Forza Motorsport PC Performance Review and Optimisation Guide


Forza Motorsport has returned, but the game’s PC version leaves a lot to be desired

The Forza Motorsport series does not have a long history on PC. 2017’s Forza Motorsport 7 being the only game in the series to launch on the platform, at least until now. Forza Motorsport (2023) is now available on PC, and it is clear that this game is not made by PlayGround Games, the studio behind the open-world Forza Horizon franchise. To say the least, Forza Motorsport’s PC version is not as polished as its recent Horizon counterparts.

Today we will be looking at the PC version of Forza Motorsport, which is now available on PC through Steam, the Microsoft Store, and Game Pass. In this review, we will be letting you know how to get this game running well on your PC. We will also testing this game across a variety of PC hardware configurations to see how this game on both low-end and high-end GPUs.

What’s wrong with Forza Motorsport’s PC version

We will start with one of the largest complaints that PC gamers have with Forza Motorsport’s PC version, it’s multiplayer framerate cap. On PC, Forza Motorsport has its framerate capped at 60 FPS on PC in multiplayer races. This limitation is designed to keep Xbox and PC players on the same competitive footing, something that is very uncommon for a multiplayer game. While we can see why Turn 10 Studios may have decided to enable this framerate cap, it is worth noting that such limitations do not apply to most multi-platform multiplayer titles. This is an annoying limitation that probably could have been worked around.

Another annoyance is that while this game has unlocked framerate options, we found that framerates were limited to the maximum refresh rate of our connected PC monitor. In our case, this limited Forza Motorsport to 120 FPS. Is a framerate really unlocked when there is a framerate cap? Another issue that we found is that there are juddering issues if VSYNC is not enabled, making VSYNC a near mandatory option in this game.

Other Problems

Another annoyance in Forza Motorsport’s PC version is that players need to reboot the game after almost all settings changes. Failing to do so could react in strange visual bugs, settings not enabling correctly, or negative performance consequences.  Without a reboot, lower performance levels can often be seen after lowering this game’s graphical settings. When using AMD GPUs, we also note that shader compilation takes a lot longer than on an equivalent Nvidia-based system. This compilation also takes place on every game boot when we are using AMD GPUs. The graphical options in Forza Motorsport are also confusing to decipher. Turn 10 can improve this with better setting descriptions.

Overall, Forza Motorsport lacks the polish that Forza Horizon 4 and Forza Horizon 5 have. It is clear that Turn 10 Studios have not made many PC games. This is hugely disappointing given how well designed the PC versions of recent Playground Games’ titles are.

Review Contents

GPU Drivers

When testing Assassin’s Creed Mirage on PC, we utilised the newest Nvidia and AMD GPU drivers that were available to us at the time of the game’s launch. These drivers were Radeon’s AMD Software Adrenalin Edition version 23.10.1 drivers, and Nvidia’s GeForce 537.58 WHQL drivers for Windows 10/11.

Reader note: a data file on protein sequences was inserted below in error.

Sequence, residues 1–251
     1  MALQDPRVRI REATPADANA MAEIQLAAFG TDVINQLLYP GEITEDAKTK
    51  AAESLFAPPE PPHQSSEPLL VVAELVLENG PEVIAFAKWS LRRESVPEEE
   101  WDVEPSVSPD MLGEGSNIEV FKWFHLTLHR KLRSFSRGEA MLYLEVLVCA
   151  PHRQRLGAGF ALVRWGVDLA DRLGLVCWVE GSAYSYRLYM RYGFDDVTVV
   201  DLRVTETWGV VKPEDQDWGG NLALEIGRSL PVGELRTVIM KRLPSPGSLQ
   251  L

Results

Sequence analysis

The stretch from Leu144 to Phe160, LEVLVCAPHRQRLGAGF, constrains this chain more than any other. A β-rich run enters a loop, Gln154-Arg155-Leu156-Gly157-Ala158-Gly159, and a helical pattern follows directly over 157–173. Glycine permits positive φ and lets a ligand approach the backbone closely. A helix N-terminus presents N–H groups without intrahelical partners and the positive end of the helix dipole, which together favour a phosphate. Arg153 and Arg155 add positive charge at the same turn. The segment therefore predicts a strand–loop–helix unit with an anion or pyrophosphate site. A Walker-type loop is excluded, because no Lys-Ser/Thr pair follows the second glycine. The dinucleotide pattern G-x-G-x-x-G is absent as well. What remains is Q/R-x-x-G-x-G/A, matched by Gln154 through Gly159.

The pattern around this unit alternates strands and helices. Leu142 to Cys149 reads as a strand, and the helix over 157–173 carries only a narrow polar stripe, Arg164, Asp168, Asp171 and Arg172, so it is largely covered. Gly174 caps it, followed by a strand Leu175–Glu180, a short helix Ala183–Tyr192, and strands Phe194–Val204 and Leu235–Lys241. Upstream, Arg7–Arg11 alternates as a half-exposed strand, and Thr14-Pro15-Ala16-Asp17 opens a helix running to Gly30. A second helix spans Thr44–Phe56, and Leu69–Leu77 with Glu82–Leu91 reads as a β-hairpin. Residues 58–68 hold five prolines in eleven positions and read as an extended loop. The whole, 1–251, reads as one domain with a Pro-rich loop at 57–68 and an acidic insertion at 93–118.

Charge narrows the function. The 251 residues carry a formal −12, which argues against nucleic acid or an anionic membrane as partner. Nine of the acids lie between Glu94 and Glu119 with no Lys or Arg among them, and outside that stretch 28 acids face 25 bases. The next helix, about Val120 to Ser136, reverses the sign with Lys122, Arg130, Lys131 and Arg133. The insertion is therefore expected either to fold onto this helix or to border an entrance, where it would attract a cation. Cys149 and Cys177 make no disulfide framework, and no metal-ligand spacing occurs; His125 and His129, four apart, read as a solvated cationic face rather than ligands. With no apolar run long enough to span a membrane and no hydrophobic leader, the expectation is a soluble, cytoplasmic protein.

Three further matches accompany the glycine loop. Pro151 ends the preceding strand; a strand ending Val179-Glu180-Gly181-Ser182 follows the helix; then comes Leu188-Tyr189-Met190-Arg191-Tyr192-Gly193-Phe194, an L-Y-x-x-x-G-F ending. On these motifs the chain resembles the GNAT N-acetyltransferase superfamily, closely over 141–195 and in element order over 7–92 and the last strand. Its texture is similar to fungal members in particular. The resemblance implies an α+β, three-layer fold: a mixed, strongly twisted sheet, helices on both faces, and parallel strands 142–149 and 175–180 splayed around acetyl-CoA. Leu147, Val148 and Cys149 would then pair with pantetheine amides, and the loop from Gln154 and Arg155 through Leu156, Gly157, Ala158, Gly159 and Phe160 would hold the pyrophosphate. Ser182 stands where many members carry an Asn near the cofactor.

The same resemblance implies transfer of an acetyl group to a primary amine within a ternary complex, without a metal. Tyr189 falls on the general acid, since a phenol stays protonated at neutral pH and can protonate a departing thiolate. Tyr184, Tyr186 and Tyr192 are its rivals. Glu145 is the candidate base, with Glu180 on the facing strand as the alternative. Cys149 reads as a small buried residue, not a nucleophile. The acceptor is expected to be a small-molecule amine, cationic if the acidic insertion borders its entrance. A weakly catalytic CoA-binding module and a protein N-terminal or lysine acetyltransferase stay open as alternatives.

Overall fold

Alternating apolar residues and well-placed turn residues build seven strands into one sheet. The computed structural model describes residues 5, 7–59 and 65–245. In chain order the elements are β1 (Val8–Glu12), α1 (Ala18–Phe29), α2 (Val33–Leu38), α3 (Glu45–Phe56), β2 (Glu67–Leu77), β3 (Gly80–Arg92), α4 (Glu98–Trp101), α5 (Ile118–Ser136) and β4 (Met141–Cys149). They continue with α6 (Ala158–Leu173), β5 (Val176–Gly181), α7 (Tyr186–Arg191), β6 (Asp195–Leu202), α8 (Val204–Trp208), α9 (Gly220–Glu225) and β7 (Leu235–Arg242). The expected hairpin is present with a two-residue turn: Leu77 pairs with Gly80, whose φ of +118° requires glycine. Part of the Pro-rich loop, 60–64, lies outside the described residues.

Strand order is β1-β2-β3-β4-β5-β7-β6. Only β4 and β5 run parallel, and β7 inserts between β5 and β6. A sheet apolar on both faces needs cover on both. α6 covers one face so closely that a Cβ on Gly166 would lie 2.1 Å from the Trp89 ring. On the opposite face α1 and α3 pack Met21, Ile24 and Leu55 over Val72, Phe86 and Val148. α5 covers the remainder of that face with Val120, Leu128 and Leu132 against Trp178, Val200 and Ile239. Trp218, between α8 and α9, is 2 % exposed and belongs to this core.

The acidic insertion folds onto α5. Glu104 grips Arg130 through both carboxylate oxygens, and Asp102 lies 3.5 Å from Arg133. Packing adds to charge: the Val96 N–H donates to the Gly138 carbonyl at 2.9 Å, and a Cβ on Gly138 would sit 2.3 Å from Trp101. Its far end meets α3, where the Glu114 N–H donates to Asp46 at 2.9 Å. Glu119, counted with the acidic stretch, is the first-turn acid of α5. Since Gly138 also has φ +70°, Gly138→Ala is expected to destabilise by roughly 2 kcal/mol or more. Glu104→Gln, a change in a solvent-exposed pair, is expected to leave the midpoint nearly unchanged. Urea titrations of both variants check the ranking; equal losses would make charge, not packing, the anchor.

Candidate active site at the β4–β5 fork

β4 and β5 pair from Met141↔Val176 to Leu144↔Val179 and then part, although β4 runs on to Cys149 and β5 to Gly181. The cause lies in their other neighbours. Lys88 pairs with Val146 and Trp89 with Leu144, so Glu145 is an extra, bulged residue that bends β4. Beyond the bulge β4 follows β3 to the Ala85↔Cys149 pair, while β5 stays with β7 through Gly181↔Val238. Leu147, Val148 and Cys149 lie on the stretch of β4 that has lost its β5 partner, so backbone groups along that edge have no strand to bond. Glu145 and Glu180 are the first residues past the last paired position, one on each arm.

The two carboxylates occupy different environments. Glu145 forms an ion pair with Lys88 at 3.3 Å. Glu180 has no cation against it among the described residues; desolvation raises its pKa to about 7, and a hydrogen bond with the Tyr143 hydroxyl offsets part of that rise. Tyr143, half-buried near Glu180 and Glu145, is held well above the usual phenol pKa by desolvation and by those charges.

Star Wars Jedi Survivor Tested - Huge performance gains with PC Patch 3.5

Test Setup – New Test Rig

This year, OC3D will be conducting new game testing and GPU reviews on a new test system. Thanks to Corsair, Intel, and ASUS, we have created a new testing system that will allow us to properly test new graphics cards and the newest PC releases. This system features Intel’s i9-13900K processor and a ROG Strix Z790-F Gaming motherboard, with all other components coming from Corsair.

Our new test system is powered, cooled, and operated using Corsair components. The OS we will be using is Windows 11, and the case we will be using is Corsair’s airflow-optimised iCUE 5000T. We will be diving deeper into the hardware selection for this new gaming system with a future article, and you can expect to see this system in all of our future GPU and game reviews.

Star Wars Jedi Survivor Tested - Huge performance gains with PC Patch 3.5

System Specs

Below are the full specifications of our new GPU/Games testing system, as well as links to all of the components that we used.

OC3D GPU/Games Test System Specifications (Affiliate Links below)

CPU – Intel i9-13900K
Cooling – Corsair iCUE H150i Elite CAPELLIX XT
Motherboard – ASUS ROG Strix Z790-F Gaming WiFi 
Memory – Corsair Vengeance 2x16GB (32GB) DDR5-6000 CL36 Memory
Storage – Corsair MP600 PRO NH 2TB PCIe 4.0 SSD
Case – Corsair iCUE 5000T RGB
Power Supply – Corsair HX1500i
OS – Windows 11

Star Wars Jedi Survivor Tested - Huge performance gains with PC Patch 3.5

Nvidia GPUs Tested

When testing new games, we like to utilise a large number of graphics cards to see how well titles run on both old and new PC hardware configurations. To do this, we utilise a large selection of both AMD and Nvidia graphics cards, including newly release graphics cards from Nvidia’s RTX 40 series to older GeForce graphics cards like Nvidia’s RTX 2060.

  • Gigabyte GeForce RTX 4070 Ti Gaming
  • Gigabyte GeForce RTX 3070 Ti Eagle
  • Nvidia RTX 2070 SUPER Founders Edition

AMD GPUs Tested

On the Radeon side of the GPU spectrum we are currently able to test the following selection of GPUs. This includes both RX 7000 and RX 6000 series GPUs.

  • Radeon RX 7900 XT
  • Radeon RX 6800
  • ASUS ROG Radeon RX 6600 XT Strix

Diablo IV PC Performance Review and Optimisation Guide

Mark Campbell

Mark Campbell

A Northern Irish father, husband, and techie that works to turn tea and coffee into articles when he isn’t painting his extensive minis collection or using things to make other things.

Follow Mark Campbell on Twitter
View more about me and my articles.